[5] This is the opinion of all four schools of law, who differ only on whether such a person must expiate for consciously violating the fast, or not. Some notable scholars of the early Muslim community, however, held that such a person is not obliged to fast at all. There is greater disagreement concerning someone who sees the new moon for the month of Shawwal (the day of ‘Id al-Fitr) if the judge does not accept their testimony. Many scholars held that such a person does not fast; although, Malik and Ahmad b. Hanbal (founders of the Maliki and Hanbali legal schools) held that such a person must ignore their own sighting and fast. See al-Mawsu‘ah al-fiqhiyyah al-kuwaytiyyah, c.v. “Ihlal,” vol. 7, pp. 150-1.
[6] Al-Marghinani, al-Hidayah, ed. Talal Yusuf, 4 vols. (Beirut: Dar Ihya’ al-Turath al-‘Arabi, 2000), vol. 1, p. 82.
[7] Al-Laknawi, ‘Umdat al-ri‘ayah ‘ala Sharh al-Wiqayah, ed. Salah Abu al-Hajj, 7 vols. (Beirut: Dar al-Kutub al-‘Ilmiyyah, 2009), vol. 1, pp. 321-3; Ibn ‘Abidin, Radd al-muhtar ‘ala al-Durr al-mukhtar, (Cairo: 1885), vol. 1, pp. 540-1.
[8] A good exploration of the social need for fixed rules as the reason for the dominance of the schools of law is Mohammad Fadel, “The Social Logic of Taqlīd and the Rise of the Mukhtaṣar,” Islamic Law and Society, 3, (1996): pp. 193-233.
[9] Scholars upholding this can be traced all the way back to the first Islamic century. The textual basis for this opinion is the hadith narrated by al-Bukhari, “When you see it [the new moon of Ramadan] then fast; and when you see it [the new moon of Shawwal], then break the fast. If it is hidden from you (ghumma ‘alaykum) [i.e. if the sky is overcast] then estimate it (fa-qdiru lahu);” (al-Bukhari, hadith no. 1900). The last verb, fa-qdiru, can be validly understood to mean calculation. Of the scholars who held this, are Abu al-‘Abbas b. Surayj (d. 306/918), one of the leading founders of the classical Shafi‘i school, the Shafi‘i scholar and renowned mystic Abu al-Qasim al-Qushayri (d. 465/1072), the leading Shafi‘i judge Taqi al-Din al-Subki (d. 756/1355), the Shafi‘i legal theorist al-Zarkashi (d. 794/1392), the renowned Maliki legal theorist al-Qarafi (d. 684/1285), and some Hanafi scholars. The late Shafi‘i commentator al-Qalyubi (d. 1069/1659) held that all sighting-claims must be rejected if calculations show that a sighting was impossible, stating, “This is manifestly obvious. In such a case, a person may not fast. Opposing this is obstinacy and stubbornness.” See al-Mawsu‘ah al-fiqhiyyah al-kuwaytiyyah, c.v. “Ru’yat al-hilal,” vol. 22, pp. 31-4. The leading scholar of the late Shāfi‘ī school Muhammad al-Ramli (d. 1004/1596) held that the expert astronomer was obliged to follow his own calculation as was the non-astronomer who believed him; this position has been used by some contemporary Shafi’i scholars to state that in the modern world, with its precise calculations, the strongest opinion of the Shafi’i school should be that everyone must follow calculations; see ‘Umar b. al-Habib al-Husayni, Fath al-‘ali fi jam‘ al-khilaf bayna Ibn Hajar wa-Ibn al-Ramli, ed. Shifa’ Hitu (Jeddah: Dar al-Minhaj, 2010), pp. 819-22. See also the fatwa of the Hanafi scholar Dr Salah Abu al-Hajj (http://www.anwarcenter.com/fatwa/معنى-حديث-لا-تصوموا-حتى-تروا-الهلال-ول) last accessed 9/5/2016) which states, after arguing against relying on calculations, “However, the position of [following] calculations is the position of a considerable group of jurists, so it is a respected disagreement in Islamic law, whereby, if a state were to adopt it, it is not rejected, because the judgement of a judge removes disagreement, and the adoption of a state is [as] the judgement of a judge.”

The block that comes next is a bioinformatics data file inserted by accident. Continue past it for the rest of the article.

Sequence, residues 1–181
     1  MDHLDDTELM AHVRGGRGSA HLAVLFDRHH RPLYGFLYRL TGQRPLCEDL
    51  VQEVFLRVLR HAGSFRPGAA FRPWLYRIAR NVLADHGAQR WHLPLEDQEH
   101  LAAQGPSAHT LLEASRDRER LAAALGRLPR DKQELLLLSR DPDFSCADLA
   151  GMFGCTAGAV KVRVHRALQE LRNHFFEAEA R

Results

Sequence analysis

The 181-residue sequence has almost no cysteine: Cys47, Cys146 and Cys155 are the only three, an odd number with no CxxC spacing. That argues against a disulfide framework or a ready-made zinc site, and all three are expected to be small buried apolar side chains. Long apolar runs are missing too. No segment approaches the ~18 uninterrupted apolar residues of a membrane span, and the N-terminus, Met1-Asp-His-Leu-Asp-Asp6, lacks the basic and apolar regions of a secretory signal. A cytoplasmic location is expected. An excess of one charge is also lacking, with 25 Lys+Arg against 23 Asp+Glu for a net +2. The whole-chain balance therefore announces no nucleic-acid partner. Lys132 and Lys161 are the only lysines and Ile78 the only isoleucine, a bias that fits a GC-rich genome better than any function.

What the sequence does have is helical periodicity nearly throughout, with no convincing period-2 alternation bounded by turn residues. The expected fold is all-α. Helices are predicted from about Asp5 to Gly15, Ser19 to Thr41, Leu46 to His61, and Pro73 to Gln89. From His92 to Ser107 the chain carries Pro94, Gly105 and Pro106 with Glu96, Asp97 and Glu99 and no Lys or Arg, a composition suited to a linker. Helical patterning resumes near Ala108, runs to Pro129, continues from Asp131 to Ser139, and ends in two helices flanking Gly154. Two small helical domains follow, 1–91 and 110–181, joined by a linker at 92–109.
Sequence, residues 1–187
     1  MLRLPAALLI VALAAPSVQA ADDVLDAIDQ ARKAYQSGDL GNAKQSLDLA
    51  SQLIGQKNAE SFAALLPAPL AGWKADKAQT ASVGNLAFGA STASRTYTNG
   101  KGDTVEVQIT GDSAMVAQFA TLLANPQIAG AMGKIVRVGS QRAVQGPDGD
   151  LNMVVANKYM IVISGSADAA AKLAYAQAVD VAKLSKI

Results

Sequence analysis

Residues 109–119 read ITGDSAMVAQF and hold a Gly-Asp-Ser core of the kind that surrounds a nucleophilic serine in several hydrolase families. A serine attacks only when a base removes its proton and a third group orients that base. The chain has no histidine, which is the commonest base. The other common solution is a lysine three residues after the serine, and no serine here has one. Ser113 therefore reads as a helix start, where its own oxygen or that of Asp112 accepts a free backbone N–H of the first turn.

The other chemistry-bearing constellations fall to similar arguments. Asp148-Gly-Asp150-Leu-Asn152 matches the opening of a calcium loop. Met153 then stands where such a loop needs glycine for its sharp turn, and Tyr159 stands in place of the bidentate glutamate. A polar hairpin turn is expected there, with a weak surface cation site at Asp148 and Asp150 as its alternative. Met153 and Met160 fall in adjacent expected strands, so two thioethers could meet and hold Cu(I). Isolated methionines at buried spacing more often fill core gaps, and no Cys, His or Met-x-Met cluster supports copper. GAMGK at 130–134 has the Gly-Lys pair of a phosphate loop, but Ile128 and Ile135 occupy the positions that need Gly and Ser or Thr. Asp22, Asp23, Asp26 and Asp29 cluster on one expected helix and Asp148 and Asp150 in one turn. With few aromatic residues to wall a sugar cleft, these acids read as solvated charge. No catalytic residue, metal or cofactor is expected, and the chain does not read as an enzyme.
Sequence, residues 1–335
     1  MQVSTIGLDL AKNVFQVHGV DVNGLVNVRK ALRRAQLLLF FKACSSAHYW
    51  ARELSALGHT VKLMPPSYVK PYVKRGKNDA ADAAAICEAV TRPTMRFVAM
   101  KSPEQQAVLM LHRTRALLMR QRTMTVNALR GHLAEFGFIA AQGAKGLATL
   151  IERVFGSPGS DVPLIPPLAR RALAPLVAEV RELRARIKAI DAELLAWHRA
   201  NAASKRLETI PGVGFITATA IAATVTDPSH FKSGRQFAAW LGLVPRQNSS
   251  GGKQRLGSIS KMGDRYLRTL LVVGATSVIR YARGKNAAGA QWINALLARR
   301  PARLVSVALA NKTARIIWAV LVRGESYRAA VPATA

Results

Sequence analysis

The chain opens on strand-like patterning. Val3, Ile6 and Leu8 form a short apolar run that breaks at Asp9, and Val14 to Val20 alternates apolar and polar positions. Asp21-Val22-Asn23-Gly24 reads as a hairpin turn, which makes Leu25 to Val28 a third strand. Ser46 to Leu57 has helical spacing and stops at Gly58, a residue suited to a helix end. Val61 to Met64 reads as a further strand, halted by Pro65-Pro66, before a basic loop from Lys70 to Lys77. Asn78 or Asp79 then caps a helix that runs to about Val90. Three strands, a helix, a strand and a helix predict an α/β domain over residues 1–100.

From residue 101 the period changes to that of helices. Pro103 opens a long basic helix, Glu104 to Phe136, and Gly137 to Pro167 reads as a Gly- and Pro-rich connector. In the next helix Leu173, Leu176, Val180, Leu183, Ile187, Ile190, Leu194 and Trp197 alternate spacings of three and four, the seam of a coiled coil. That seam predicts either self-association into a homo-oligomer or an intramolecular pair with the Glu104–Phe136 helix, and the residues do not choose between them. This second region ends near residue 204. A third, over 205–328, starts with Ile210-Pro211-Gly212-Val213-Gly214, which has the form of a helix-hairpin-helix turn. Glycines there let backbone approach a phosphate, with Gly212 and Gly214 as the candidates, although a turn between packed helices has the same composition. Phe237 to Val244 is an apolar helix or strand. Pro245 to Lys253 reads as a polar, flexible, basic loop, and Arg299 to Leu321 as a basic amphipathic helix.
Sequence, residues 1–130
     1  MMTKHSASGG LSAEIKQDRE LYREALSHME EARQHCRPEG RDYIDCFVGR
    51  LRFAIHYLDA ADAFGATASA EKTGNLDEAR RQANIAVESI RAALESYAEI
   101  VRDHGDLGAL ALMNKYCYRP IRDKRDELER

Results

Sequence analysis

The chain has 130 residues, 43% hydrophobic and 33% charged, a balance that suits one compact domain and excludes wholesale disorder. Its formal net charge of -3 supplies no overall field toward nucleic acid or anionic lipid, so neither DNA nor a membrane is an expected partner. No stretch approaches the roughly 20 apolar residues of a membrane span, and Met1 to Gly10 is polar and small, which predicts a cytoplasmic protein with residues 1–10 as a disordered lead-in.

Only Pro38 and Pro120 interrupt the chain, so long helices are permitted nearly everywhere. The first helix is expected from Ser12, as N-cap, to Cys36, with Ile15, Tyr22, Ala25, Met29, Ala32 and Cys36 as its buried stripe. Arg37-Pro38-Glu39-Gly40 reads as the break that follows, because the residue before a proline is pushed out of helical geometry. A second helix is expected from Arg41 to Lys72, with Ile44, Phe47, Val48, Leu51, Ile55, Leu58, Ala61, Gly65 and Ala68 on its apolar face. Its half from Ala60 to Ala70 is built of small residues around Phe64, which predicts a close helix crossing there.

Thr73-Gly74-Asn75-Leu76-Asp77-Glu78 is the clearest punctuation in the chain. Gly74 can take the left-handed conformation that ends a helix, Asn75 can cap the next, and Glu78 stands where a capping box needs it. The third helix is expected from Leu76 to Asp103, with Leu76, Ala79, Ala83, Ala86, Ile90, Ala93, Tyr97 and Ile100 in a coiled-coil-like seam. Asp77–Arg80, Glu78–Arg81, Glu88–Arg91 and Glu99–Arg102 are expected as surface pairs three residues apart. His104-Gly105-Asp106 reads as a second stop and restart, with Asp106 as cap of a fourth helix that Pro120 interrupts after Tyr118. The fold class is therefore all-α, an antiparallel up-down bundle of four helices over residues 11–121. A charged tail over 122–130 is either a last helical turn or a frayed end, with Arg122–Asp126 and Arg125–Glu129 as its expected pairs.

[10] Al-Mawsu‘ah al-fiqhiyyah al-kuwaytiyyah, c.v. “Ru’yat al-hilal,” vol. 22, pp. 36-8.
[11] Al-Mawsu‘ah al-fiqhiyyah al-kuwaytiyyah, c.v. “Ru’yat al-hilal,” vol. 22, p. 37. The authors of the Mawsu‘ah state that local sighting is only the strongest opinion of the Shafi‘i school. However, many key Maliki texts also attest to the superiority of local sighting; see for example al-Dasuqi, Hashiyat al-Dasuqi ‘ala al-Sharh al-kabir, 4 vols. (Beirut: Dar al-Fikr, n.d), vol. 1, p. 510.

Photo by Bernd Thaller. Republished with much gratitude to our friends at Islamicate.

Who is Looking out for Muslim Converts this Ramadan?- Imam Khalid Latif